He then told us about pride. Pride in our personal appearance. What it did for our fellow soldiers. How our personal example lifted the performance of ourselves and of those around us.
This was not “sinful” pride. It was “soldierly” pride. “Keep it as a very private attribute,” he said. “Don’t talk about it, don’t be vain about it…but make it the cornerstone of everything you do when you present yourselves in public, in the bush or on parade.”
I can’t recreate the passion with which he drilled us in this philosophy…but I have never forgotten his lessons, backed up with his personal example, every day.
Sergeant Mouat is one of those men I would like to meet today – to say thanks.
Three outstanding pieces of training stand out in my mind…
He and a drill instructor taught me how to defend myself against a man attacking me with a bayonet on a rifle…and flip him over in such a way that I had the rifle and the bayonet to the attacker’s throat while he lay on his back.
Defence against a man armed with just a knife, underarm or overarm, came next…and is still remembered by me to this day.
He showed us, and then drilled us, time and time again how to “debus”, fully laden with pack and rifle from an RL Bedford truck travelling at speed. We worked up from five miles an hour to a top speed of 50 miles an hour. This enabled our platoon to disperse onto two sides of a road, “float” from the back of the truck, land on our feet and move into defensive positions. It was an exciting and never- used trick. A drill from WW2…but we loved it. How powerful we felt.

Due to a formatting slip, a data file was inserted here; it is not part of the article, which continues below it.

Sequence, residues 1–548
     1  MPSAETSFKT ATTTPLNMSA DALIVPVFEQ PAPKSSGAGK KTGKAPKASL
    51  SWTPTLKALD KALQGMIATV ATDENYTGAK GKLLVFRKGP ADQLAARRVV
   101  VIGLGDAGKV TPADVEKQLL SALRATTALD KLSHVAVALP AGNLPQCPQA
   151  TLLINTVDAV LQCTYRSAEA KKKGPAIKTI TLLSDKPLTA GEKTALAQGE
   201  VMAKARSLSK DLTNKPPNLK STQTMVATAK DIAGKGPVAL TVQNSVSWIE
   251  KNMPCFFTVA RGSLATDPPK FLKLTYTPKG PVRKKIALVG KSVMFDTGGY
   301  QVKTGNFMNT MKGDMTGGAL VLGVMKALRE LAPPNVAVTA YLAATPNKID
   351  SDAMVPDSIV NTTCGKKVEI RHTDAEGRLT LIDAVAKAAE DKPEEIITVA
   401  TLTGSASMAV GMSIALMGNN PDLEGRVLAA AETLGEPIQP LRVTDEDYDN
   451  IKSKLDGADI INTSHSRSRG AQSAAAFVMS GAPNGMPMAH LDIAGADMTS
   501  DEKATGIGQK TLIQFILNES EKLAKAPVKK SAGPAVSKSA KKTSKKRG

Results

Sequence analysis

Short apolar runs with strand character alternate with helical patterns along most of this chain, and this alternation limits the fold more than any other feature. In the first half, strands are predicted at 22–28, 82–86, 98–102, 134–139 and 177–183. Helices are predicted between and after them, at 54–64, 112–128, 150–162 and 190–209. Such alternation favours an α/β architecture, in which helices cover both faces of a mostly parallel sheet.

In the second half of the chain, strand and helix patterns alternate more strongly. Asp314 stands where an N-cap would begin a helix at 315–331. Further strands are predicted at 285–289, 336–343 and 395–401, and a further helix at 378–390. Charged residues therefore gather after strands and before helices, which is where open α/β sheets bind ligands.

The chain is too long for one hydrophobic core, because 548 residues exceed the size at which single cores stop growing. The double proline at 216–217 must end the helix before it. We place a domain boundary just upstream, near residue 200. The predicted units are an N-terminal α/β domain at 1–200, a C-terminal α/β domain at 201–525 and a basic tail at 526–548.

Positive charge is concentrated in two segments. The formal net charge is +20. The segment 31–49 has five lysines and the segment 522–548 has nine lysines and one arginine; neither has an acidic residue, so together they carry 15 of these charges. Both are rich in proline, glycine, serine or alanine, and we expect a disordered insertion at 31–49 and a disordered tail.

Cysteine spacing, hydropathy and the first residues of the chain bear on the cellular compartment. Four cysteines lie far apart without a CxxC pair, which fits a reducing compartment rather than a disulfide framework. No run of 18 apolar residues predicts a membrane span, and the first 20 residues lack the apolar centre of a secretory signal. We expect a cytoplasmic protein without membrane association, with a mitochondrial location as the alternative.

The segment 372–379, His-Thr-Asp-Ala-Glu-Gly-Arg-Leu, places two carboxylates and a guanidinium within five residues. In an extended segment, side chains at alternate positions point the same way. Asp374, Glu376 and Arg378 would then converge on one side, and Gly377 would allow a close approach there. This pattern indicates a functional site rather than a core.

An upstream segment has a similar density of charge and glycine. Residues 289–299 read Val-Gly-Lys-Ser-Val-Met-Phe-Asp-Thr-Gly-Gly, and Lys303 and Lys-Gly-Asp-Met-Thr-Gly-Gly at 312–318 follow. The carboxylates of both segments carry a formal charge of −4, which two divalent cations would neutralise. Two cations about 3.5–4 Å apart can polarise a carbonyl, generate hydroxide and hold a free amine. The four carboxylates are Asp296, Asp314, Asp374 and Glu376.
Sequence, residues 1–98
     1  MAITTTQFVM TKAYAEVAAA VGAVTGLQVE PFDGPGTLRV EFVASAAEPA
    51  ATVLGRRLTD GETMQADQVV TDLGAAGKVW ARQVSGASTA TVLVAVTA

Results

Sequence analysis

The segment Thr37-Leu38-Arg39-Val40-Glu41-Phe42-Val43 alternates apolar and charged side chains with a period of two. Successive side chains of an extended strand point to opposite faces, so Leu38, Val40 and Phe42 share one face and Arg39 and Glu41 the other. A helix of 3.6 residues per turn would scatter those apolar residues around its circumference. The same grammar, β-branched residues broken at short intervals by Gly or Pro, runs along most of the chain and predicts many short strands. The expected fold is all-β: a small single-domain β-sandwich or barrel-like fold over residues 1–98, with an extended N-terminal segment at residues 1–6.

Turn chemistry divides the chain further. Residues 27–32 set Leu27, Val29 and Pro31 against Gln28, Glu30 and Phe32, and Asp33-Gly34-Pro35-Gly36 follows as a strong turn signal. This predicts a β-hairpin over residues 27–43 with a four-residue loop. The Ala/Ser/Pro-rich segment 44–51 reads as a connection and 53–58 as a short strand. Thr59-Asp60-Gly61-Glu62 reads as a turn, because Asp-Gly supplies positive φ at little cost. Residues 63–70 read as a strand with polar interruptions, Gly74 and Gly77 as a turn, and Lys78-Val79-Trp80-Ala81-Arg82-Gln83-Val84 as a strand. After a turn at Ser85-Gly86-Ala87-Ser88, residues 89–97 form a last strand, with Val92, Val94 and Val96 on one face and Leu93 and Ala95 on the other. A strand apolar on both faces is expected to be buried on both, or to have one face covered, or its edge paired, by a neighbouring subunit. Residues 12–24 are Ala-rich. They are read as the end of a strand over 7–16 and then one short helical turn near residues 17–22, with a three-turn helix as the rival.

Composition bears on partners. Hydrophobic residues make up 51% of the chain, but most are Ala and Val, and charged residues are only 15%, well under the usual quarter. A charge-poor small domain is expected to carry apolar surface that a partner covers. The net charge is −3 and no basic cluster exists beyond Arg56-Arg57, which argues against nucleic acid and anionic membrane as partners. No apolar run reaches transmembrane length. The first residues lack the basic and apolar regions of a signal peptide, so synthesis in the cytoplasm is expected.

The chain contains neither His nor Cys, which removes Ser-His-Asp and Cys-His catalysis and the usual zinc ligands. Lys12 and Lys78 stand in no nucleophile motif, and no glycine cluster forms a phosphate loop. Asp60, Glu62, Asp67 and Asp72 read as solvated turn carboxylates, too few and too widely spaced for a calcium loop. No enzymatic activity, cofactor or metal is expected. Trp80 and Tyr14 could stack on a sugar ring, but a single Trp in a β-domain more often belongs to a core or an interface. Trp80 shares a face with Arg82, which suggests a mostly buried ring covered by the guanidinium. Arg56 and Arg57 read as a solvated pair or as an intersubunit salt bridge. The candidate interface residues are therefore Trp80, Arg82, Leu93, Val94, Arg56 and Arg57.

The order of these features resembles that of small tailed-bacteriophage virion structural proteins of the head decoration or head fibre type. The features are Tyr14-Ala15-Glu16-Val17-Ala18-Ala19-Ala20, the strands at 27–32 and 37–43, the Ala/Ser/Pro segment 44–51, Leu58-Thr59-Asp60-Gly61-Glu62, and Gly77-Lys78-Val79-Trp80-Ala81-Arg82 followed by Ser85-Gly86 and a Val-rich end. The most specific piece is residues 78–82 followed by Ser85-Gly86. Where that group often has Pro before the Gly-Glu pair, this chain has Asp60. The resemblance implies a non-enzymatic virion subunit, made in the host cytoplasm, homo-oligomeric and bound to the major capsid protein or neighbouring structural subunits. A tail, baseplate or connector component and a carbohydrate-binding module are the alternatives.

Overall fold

That sergeant was the first of many inspiring leaders to come.
Infantry Corp training – Burnham
A short week at home in Lower Hutt, a cold trip in the overnight Ferry to Lyttelton, a day’s wait in a windy Army office in Christchurch and I was finally on my way by truck to Burnham, the home of the Depot of 1 Battalion, RNZIR.
Luckily I had with me my universal and timeless Army Greatcoat. It helped me through the long day of waiting for a ride out.
This was the battalion that was posted to Malaya (since the 1950’s) to meet our commitments in South East Asia. Current operations were on the border between Malaysia and Indonesia in Borneo, repelling Indonesia’s aggression and attempted invasion of the new state.
We were training to join them.
I was to join a platoon of recruits to be sent to Malaysia for this replacement role as soon as were had mastered the skills of our craft as riflemen.
But, back to that first night…the duty corporal signed me in, in the only lit building in the entire camp. It was 10.30pm and the place was silent and deserted.